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April 29 2023,
THE BIG IDEA
Running a bit late today so let’s get to it.
In the newsletter:
- Hall of Flowers: A buyer’s view
- BREAKING: Delta-8 partner drops Cookies suit
- SAFE Banking returns
Lots more too,
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WHAT YOU MISSED IN WW CALIFORNIA PRO
BREAKING: Delta-8 partner drops suit against Cookies
In a sharp reversal, a company which licensed the Cookies brand for Delta-8 products dropped its $38M lawsuit against the popular brand, which alleged a wide array of wrongdoing over the course of their yearlong relationship. The former plaintiff said additional information came to light and that “certain third parties influenced us to file suit based upon allegations that we learned were not true.”
The popular brand faces additional litigation as well.
Hall of Flowers: A buyer’s view
When Hall of Flowers returns to Santa Rosa next week, Sean Shepherd will be the most popular guy there: He’s a dispensary buyer who pays his bills.
We asked him what he’s looking for in new partners.
READY FOR A NEW JOB?
FOR SAFE BANKING, NINTH TIME'S THE CHARM?
A bi-partisan group of Senators and Congresspeople reintroduced a SAFE Banking bill that would allow banks to serve the industry without fear of federal penalties.
- Several changes have been applauded by equity advocates who expressed concerns that the bill would primarily benefit larger companies.
- For more on the mood in Washington, check out my recent interview with Sen. Majority Leader Chuck Schumer’s (D-N.Y.) former chief counsel Reggie Babin, who’s now with law and lobbying firm Akin Gump.
Lawyer turned consultant Marc Hauser, who’s not optimistic about the bill’s chances, thinks it’s the ninth time SAFE Banking has been introduced. He notes that it comes soon after the Senate failed to advance a bill to support MED research for veterans.
- The MED bill, Hauser notes, was “blocked by a group of senators that, in a Kafka-esque turn, included co-sponsors of the new SAFE Banking Act.”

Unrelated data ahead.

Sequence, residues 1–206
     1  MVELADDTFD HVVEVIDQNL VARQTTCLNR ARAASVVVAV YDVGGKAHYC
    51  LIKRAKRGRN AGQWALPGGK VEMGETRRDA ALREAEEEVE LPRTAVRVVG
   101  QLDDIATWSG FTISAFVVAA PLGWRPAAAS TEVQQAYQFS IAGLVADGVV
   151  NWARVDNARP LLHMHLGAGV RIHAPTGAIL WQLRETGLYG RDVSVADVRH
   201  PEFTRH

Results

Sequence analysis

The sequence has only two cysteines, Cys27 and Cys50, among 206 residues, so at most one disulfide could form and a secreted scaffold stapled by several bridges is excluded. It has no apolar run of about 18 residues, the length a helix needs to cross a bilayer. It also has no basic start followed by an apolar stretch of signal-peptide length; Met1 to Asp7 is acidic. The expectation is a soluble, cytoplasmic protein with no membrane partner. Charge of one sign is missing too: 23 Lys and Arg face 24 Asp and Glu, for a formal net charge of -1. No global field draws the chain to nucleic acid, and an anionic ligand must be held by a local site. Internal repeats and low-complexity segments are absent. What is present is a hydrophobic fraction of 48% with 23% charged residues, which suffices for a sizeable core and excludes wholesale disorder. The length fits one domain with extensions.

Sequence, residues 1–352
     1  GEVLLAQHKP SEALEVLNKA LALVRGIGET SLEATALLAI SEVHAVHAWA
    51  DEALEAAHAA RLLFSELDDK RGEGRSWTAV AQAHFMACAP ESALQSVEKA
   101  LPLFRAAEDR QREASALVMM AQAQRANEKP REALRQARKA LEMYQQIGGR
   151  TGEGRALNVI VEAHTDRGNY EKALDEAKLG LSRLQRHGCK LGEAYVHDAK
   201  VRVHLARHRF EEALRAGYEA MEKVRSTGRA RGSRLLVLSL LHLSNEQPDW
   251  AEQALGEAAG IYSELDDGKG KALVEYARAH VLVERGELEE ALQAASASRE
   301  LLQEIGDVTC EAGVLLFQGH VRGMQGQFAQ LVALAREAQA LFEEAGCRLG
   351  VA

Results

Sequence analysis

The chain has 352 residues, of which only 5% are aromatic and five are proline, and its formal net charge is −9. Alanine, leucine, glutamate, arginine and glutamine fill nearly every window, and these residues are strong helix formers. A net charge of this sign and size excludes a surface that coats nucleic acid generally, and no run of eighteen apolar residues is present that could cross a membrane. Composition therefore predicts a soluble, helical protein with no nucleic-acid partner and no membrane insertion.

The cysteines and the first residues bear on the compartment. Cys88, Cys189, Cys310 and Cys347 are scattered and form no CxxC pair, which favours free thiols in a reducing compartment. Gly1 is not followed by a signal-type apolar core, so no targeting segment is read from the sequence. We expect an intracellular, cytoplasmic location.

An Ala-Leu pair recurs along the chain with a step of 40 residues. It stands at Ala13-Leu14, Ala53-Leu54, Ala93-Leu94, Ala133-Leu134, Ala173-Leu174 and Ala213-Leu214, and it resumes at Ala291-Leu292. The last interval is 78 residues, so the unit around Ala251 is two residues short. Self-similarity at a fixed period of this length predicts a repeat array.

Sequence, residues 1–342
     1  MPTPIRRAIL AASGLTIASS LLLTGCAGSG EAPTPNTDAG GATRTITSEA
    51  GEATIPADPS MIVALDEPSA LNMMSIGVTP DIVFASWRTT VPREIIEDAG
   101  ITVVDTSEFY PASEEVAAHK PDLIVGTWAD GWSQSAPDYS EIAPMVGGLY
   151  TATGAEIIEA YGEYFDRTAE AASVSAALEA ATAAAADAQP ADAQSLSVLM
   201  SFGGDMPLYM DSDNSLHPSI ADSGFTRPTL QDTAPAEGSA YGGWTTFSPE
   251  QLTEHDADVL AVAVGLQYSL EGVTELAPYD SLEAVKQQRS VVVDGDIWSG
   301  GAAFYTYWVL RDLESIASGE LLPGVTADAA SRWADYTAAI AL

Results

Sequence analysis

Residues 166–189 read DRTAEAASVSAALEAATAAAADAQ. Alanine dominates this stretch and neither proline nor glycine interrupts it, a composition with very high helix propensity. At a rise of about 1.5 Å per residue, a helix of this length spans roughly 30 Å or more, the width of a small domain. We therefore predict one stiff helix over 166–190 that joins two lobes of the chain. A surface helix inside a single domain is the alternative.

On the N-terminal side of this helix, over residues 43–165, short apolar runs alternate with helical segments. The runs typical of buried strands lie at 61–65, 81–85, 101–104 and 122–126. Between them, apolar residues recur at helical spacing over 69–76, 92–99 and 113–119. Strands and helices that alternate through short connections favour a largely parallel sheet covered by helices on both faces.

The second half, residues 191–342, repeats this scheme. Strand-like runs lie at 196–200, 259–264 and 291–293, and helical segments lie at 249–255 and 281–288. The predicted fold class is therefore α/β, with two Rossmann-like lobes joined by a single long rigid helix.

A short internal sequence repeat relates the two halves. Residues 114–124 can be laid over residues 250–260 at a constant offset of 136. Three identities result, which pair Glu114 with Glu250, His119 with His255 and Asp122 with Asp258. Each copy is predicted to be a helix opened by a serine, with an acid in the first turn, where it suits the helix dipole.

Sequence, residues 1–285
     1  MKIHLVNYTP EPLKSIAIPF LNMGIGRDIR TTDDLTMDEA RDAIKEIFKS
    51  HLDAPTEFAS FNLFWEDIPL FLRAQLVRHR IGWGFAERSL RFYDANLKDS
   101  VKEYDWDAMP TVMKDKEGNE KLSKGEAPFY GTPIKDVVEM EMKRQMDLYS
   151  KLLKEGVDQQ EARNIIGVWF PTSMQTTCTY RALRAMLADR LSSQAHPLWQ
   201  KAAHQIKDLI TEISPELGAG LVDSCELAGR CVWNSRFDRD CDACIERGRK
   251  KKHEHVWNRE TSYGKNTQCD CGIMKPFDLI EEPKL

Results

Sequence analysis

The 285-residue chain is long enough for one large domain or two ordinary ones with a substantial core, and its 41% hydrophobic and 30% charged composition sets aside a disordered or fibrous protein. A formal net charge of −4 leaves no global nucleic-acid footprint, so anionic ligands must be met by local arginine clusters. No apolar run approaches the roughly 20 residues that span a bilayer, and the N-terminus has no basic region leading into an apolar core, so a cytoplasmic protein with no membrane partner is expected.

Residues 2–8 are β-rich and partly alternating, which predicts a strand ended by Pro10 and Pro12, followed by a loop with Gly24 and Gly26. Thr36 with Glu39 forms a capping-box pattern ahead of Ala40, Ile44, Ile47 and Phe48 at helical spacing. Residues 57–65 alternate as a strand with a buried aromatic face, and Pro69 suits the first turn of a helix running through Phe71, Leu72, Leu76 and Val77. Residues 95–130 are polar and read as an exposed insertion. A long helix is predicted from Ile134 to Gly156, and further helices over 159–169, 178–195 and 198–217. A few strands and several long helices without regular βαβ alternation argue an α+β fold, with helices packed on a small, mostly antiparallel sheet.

- Twitter quickly relaxed its rules for pot ads. Packaged products can now be included in creative.
- The mother of Lorna McMurrey, the 27-year old Trulieve worker who collapsed during a shift last year and then died, spoke at an event sponsored by the National Council for Occupational Safety and Health. The group named Trulieve one of its “dirty dozen” unsafe employers.
The Young Jurks
- Following a system failure on 4/20, cannatech provider Dutchie promised a pay out to affected retailers.
- Highlyte by Amnesia, which aims to keep brands compliant on social media, raised $1M in seed funding.
- Distru Nabis opened the “world’s largest” weed warehouse in California’s central valley, halfway between Oakland and LA.
- Digiday discussed how cannabis is becoming more important to Jack in the Box’s marketing strategy.
- In Michigan, Stiiizy offered jobs to 400 workers laid off by a Burger King franchise.
State and local:
- The WSJ discusses the industry’s challenges in New York and California.
- Canna Law Blog discusses how labor laws compound the state industry’s woes.
- The former head of Michigan’s licensing board, a former Republican speaker of the state house, pleaded guilty to accepting bribes for approving license applications.
- Both chambers of the Minnesota legislature have now passed a REC bill. They need to be reconciled before heading to Gov. Tim Walz (D) who has said he will sign it.
- Delaware legalized REC without the governor’s signature.
- Colorado launched a loan program for equity businesses.
- MSO Trulieve opened Georgia’s first dispensary in Macon.
- The Denver Post profiled Cirrus Social Club, a forthcoming consumption lounge which aims to attract women and gays.
- Singapore executed Tangaraju Suppiah, 46, by hanging for trying to traffic about 2.2 pounds of cannabis.
Fun and interesting:
- NBC did man on the hill interviews during SF’s 420 celebration.
- Tommy Chong is 84, and he’s not slowing down.
- Meet the Gentleman Smugglers.
- “Reports of weed’s uncoolness have been greatly exaggerated.”